In the 1920’s Alfred Watkins suggested that Neolithic monuments were positioned in the landscape on straight lines joining two or more high points; this was long before the creation of Google Earth.

 

If Google Earth had been available to Watkins he could have seen many Neolithic monuments on this digital global map and the ‘ruler’ feature could be used to draw straight lines from a monument to high points. The ‘Geographic Features’ and elevation figures determine the location of the highest summits.

A straight line joins Silbury Hill, Walbury Hill and Leith Hill.

 

 

Using the ruler on Google Earth a line drawn from the world’s highest Neolithic mound, Silbury Hill at Avebury can be drawn to the highest summit in South East England, Walbury Hill. This straight line continues for 70 km to the second highest summit in South East England, Leith Hill.

 

The next image shows two lines drawn from the summit of The Peak District, Kinder Scout. The first line passes over the base of Silbury Hill, the second pass over the highest point in Wiltshire, the summit of Milk Hill. The two lines flank the circle at Avebury showing that Avebury is on a line joining Wiltshire’s high point and the Peak District’s high point.

Lines drawn from Kinder Scout, over 200km from the Avebury circle, it is the highest point in the Peak District and overlooks all land in England to the south. The yellow line passes to Silbury Hill, the white line passes to Wiltshire’s highest summit, Milk Hill. The lines define the eastern and western limits of the large stone circle at Avebury.

 

Alignments like these are found with the largest stone circles in Britain.

 

In central England, in the Peak District, the two largest Neolithic circles are both aligned with high points. A line from the Bull Ring passing over the highest summit, Kinder Scout, continues to the second highest summit, Bleaklow.

A line joins the Bull Ring with Kinder Scout summit and Bleaklow summit. The two summits are the highest in the Peak District, they are about 8.5 kilometres apart.

 

In Northern England, the largest stone circle, Long Meg and Her Daughters, is aligned with the two highest summits in England, Scarfell Pike and Scarfell.

A line joining Long Meg and her daughters with Scarfell Pike and Scarfell summits, the summits are just over a kilometre apart; the line extends to the summit of Black Fell in the Pennines.

The largest circle in Scotland, the Ring of Brodgar on Orkney is also aligned with two summits, Mid Tooin and Cuilags, the northern high points on the islands of Hoy and Mainland. This line crosses the west coast of Hoy at the island’s western extreme.

 

In each of these examples the summit areas on the hills are defined by the elevation figures on Google Earth, and in each case joining these summit areas creates these alignments. The examples shown include the largest Neolithic circles in Southern England, Central England, Northern England and Scotland, with significant hilltop alignments in each case.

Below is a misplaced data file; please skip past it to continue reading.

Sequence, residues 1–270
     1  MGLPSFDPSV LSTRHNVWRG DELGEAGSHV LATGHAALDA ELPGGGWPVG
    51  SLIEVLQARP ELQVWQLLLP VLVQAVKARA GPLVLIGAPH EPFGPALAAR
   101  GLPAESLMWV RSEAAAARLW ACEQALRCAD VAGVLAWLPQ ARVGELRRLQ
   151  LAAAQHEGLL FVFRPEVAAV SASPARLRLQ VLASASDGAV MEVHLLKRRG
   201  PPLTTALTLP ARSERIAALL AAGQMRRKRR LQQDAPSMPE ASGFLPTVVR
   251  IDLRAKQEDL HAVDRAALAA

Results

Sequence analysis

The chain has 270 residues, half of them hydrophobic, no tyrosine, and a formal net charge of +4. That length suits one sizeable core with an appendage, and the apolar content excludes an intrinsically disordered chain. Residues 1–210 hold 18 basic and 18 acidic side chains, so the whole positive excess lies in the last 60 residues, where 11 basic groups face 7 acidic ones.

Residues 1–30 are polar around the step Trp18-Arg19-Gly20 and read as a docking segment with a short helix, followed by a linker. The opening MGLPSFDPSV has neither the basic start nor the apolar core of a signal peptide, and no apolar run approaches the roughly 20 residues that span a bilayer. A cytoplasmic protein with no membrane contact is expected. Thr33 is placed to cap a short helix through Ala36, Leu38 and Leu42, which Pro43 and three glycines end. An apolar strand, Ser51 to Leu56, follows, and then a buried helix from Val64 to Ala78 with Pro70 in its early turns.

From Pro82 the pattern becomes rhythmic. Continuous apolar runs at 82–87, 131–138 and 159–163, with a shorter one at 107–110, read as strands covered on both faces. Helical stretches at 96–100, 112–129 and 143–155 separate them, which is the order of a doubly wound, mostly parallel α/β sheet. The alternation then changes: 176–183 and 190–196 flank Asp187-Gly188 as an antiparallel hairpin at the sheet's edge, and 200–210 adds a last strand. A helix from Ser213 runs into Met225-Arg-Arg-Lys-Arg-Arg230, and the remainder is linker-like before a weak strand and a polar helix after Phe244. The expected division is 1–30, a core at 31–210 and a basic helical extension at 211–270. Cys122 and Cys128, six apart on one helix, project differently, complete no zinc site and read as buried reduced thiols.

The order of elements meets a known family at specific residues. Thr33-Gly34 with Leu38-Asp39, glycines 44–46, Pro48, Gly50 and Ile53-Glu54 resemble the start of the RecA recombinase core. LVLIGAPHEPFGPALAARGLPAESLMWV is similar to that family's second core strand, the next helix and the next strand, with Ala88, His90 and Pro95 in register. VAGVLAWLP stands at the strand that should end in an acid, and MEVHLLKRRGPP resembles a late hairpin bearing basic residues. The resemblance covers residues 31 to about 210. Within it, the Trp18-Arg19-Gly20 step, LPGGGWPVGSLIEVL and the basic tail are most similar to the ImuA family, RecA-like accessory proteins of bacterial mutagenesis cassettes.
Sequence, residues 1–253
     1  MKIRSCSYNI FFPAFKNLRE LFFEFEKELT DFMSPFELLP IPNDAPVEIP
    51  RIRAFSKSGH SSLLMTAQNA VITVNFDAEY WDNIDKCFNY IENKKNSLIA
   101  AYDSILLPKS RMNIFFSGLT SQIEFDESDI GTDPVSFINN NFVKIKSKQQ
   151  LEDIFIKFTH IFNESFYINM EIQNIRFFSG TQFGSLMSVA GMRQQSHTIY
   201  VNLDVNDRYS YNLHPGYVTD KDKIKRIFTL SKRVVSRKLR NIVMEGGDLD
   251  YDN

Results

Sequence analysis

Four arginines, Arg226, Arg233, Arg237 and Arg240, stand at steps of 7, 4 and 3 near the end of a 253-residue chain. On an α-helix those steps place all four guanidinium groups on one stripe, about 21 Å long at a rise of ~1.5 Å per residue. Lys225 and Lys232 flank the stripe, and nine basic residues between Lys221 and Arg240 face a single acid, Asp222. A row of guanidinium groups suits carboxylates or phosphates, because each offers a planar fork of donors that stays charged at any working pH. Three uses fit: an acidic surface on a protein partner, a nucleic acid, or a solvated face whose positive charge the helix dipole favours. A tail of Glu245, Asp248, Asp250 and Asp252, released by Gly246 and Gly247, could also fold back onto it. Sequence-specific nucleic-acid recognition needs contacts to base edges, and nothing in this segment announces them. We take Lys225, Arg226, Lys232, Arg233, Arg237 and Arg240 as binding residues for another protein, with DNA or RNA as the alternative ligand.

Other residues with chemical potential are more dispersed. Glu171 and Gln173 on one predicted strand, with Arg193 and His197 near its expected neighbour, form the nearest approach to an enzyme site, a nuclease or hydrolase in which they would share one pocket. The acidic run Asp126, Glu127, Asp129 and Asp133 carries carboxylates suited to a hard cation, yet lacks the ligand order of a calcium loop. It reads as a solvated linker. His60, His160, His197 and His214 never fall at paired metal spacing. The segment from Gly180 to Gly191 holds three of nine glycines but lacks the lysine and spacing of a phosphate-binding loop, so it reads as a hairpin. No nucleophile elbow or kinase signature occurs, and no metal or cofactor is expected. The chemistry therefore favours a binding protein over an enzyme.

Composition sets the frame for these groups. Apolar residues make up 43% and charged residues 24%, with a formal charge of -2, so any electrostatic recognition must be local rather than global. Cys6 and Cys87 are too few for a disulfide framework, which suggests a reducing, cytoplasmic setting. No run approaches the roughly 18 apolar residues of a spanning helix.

At Callanish, a line to the highest point on the landmass is indicated by an avenue of stones.

Callanish stone circle and avenue as seen on Google Earth with a line to the summit of Clisham, the highest summit on the island of Lewis and Harris, the avenue follows the line to the summit which is 26km from the monument.

 

There is evidence here of some common guidance in the choice of these locations but the prevailing beliefs about Neolithic ability prevent these alignments being considered as intentional. And here is the problem. The current belief that Neolithic people were unable to recognise these alignments, and consequently these alignments must be accidental, is not an easy view to support when the same accident keeps repeating itself. But above and beyond this, these monuments prove to be placed at specific intervals on these lines in order to create geometry with other high points in the landscape.

 

By studying these alignments, a geometric order among natural high points is revealed. In this way the locations of the monuments convey information.

 

Silbury Hill provides a local example of the method that can be adopted to reveal topographical geometry. This method is seen more broadly across the country.

 

Firstly extreme points that are aligned with the monument are identified.

Secondly, an equidistant relationship is found with another high point:

Hackpen Hill is the highest summit on the Marlborough Downs to the north of Avebury. Tan Hill and Milk Hill are the two highest summits in Wiltshire. All three summits are relatively flat, the geometry is created between the two visible ordnance survey trig points and the Google Earth summit symbol on Milk Hill, (the farmer has removed the Tan Hill trig point, it appears on the 2014 Google Earth image).